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A short history of sourdough bread

The history of bread is almost as old as the history of humanity. Bread was first discovered about 14000 years ago in the middle East region known as the fertile crescent ("crescent" means "croissant" in French, aptly named in the context of this article :). This region is often considered as the birthplace of civilization: humans settle around fixed locations, start agriculture and the first cities are born. One of the first grain crop cultivated was wheat and the first food derived from wheat was...bread! The first bread loaves were believed to be flat (unleavened) and were often baked over an open fire or under amber and sand.

Ancient ruins of Petra, Jordan

Sourdough bread fermentation was probably discovered by chance in Egypt during the times of the pharaohs, about 3500 years ago. It's sometimes referred to as "the sourdough miracle", although I think with the right conditions, the phenomena would have eventually been witnessed by curious humans.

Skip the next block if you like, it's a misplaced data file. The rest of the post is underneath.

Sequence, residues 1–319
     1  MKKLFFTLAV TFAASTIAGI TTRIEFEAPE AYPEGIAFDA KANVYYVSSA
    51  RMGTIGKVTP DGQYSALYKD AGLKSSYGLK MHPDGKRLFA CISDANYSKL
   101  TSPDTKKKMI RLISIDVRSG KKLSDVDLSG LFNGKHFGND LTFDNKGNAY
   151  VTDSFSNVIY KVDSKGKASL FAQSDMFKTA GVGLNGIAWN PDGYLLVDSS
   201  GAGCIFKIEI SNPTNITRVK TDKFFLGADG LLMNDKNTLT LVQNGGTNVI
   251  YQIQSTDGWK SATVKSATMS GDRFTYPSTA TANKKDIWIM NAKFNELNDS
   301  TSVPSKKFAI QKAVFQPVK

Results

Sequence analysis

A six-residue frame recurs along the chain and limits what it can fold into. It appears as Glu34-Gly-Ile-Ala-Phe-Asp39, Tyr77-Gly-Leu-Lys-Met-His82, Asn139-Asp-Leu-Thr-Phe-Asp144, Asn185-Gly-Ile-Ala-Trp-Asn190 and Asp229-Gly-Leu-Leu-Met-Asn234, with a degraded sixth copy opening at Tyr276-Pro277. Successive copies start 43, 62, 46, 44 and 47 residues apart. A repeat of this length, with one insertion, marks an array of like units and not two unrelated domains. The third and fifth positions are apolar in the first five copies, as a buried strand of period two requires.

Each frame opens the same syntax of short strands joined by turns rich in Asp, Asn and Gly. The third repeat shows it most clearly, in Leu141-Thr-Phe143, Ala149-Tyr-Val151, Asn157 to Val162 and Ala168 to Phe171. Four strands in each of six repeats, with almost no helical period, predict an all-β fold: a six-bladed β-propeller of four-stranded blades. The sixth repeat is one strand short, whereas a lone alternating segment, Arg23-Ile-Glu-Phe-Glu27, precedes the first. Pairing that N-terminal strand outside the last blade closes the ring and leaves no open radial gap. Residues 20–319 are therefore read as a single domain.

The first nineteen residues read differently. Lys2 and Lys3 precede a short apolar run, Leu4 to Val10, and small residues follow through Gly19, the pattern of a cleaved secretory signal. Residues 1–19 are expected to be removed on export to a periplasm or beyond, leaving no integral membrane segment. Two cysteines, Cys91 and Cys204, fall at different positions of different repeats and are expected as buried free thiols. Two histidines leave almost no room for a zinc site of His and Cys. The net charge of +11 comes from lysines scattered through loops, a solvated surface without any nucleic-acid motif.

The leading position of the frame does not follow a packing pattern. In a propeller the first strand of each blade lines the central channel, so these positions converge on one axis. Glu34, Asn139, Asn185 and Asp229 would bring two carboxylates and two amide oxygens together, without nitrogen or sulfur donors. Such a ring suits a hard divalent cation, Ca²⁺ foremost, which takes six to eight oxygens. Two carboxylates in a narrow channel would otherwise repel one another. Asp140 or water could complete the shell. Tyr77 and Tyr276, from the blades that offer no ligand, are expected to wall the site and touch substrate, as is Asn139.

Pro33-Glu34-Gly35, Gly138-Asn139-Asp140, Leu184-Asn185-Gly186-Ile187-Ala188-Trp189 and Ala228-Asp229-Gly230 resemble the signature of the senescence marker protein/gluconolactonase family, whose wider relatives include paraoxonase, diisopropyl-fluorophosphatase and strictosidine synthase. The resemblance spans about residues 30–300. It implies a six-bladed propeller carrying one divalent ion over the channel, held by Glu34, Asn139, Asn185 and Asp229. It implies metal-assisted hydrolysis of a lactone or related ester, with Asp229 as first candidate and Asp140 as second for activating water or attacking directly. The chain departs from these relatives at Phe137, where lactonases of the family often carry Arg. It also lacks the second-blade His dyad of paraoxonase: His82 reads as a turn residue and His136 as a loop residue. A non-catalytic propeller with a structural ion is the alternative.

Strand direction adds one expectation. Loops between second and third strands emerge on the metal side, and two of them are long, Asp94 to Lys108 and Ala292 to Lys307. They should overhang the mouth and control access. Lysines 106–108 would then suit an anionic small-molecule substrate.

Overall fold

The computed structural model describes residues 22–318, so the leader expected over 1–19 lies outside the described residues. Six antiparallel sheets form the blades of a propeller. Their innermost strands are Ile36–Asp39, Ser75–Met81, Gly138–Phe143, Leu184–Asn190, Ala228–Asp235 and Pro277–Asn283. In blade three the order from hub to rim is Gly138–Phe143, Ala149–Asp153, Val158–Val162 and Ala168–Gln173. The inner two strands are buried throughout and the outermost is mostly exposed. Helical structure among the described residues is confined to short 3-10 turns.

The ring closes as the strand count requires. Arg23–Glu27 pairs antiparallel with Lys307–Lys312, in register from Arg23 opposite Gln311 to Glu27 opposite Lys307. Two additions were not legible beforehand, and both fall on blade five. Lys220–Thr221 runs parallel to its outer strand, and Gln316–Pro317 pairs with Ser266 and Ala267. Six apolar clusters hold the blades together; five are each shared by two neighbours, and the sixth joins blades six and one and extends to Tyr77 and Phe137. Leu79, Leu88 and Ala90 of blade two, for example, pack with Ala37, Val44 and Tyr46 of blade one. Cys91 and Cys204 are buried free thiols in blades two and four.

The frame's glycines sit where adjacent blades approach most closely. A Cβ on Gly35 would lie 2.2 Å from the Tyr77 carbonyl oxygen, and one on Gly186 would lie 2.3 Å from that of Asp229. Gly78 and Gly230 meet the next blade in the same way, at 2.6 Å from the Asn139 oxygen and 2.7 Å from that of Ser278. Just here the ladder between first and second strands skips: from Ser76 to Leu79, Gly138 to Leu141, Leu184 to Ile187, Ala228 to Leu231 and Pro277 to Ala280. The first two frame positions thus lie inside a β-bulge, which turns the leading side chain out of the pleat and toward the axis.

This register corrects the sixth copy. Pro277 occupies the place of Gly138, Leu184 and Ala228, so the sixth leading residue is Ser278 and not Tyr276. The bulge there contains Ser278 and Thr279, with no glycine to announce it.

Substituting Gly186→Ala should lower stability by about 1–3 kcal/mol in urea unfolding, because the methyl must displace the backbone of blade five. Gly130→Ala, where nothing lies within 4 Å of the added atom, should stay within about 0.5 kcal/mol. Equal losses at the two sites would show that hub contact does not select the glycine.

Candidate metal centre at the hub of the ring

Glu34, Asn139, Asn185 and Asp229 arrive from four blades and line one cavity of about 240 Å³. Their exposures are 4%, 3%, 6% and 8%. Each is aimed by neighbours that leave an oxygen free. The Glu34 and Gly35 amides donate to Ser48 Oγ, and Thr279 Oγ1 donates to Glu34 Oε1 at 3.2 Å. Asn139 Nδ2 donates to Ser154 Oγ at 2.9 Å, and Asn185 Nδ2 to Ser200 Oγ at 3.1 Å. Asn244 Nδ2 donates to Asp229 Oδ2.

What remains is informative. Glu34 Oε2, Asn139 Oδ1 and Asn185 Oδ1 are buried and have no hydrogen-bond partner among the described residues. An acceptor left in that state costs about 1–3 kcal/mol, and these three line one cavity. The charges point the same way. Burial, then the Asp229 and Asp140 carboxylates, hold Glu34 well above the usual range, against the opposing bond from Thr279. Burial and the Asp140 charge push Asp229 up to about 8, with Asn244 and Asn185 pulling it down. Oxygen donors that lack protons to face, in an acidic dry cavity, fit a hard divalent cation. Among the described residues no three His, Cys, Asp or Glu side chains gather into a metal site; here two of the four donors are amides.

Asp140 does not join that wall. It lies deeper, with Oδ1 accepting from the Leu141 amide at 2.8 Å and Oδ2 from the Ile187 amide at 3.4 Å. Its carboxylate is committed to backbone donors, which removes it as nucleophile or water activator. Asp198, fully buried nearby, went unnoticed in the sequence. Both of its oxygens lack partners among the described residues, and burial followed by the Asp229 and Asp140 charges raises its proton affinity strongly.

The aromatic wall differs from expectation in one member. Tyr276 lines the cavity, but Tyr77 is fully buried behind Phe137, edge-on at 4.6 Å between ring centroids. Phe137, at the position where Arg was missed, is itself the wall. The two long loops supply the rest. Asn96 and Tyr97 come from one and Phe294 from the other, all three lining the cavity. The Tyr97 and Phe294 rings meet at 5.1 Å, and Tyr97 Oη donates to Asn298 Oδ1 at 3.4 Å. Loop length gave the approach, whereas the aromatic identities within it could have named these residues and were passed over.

Note: in this article, I will use the term "sourdough" as "naturally fermented with wild yeast". Before the invention of commercial yeast, this was the case for all leavened bread.

From that initial "seed" the news (and the knowledge) spread rapidly from one family to the next, then to the entire community. In fact, based on the remains that were found in major sites like Giza, bread was believed to be the main diet element of the population at that time. It very likely fueled the slaves who built the pyramids.

Note that they did not have Kitchen Aid mixers back then, so dough was kneaded with the feet. That would have certainly contributed in some interesting ways to the mix of bacteria in the overall fermentation process.

The Rosicrucian Egyptology Museum in San Jose, California

From Egypt, bread making spread (no pun intended :) to its trading neighbors, the Greeks and the Romans. In Greece, bread was mostly made from home. Since every aspect of ancient Greek life was tied to religion, there had to be a goddess of bread. Her name was Demeter. Demeter also happened to be the goddess of agriculture and grain and also sometimes revered as the same god as Gaia "mother earth". Some bread was kept aside as god offerings, but during the time of Plato, bread was part of the main diet. The average Athenian ate 800gr of bread, mostly barley. The rich Athenians preferred white flour bread, since it was deemed purer and safer to eat. Barley was deemed fit for the poor, the sailors and the slaves. We'll see that trend continuing until all the way until the industrial revolution.

Detail of the Acropolis in Athens